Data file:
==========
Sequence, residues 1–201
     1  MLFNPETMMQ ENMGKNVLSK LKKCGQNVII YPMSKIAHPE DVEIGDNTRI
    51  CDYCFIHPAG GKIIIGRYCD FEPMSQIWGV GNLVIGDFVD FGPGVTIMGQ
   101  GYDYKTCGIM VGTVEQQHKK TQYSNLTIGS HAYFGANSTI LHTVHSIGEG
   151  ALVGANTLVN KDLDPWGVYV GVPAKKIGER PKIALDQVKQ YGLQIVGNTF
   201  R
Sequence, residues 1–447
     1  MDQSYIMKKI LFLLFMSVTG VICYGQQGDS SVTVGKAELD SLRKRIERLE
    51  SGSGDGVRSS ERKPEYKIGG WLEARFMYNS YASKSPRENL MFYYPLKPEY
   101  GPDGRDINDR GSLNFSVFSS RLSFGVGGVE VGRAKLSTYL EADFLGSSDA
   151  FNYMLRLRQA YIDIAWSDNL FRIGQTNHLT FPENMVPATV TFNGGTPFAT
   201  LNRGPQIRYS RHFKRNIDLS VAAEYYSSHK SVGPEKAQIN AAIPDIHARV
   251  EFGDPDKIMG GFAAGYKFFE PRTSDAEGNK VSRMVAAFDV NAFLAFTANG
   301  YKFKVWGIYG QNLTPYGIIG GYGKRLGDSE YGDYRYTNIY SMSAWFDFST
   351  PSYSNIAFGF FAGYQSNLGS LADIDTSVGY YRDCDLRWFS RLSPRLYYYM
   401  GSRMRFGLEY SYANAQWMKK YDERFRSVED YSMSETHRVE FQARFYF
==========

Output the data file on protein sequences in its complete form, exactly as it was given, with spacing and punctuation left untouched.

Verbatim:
Sequence, residues 1–201
     1  MLFNPETMMQ ENMGKNVLSK LKKCGQNVII YPMSKIAHPE DVEIGDNTRI
    51  CDYCFIHPAG GKIIIGRYCD FEPMSQIWGV GNLVIGDFVD FGPGVTIMGQ
   101  GYDYKTCGIM VGTVEQQHKK TQYSNLTIGS HAYFGANSTI LHTVHSIGEG
   151  ALVGANTLVN KDLDPWGVYV GVPAKKIGER PKIALDQVKQ YGLQIVGNTF
   201  R
Sequence, residues 1–447
     1  MDQSYIMKKI LFLLFMSVTG VICYGQQGDS SVTVGKAELD SLRKRIERLE
    51  SGSGDGVRSS ERKPEYKIGG WLEARFMYNS YASKSPRENL MFYYPLKPEY
   101  GPDGRDINDR GSLNFSVFSS RLSFGVGGVE VGRAKLSTYL EADFLGSSDA
   151  FNYMLRLRQA YIDIAWSDNL FRIGQTNHLT FPENMVPATV TFNGGTPFAT
   201  LNRGPQIRYS RHFKRNIDLS VAAEYYSSHK SVGPEKAQIN AAIPDIHARV
   251  EFGDPDKIMG GFAAGYKFFE PRTSDAEGNK VSRMVAAFDV NAFLAFTANG
   301  YKFKVWGIYG QNLTPYGIIG GYGKRLGDSE YGDYRYTNIY SMSAWFDFST
   351  PSYSNIAFGF FAGYQSNLGS LADIDTSVGY YRDCDLRWFS RLSPRLYYYM
   401  GSRMRFGLEY SYANAQWMKK YDERFRSVED YSMSETHRVE FQARFYF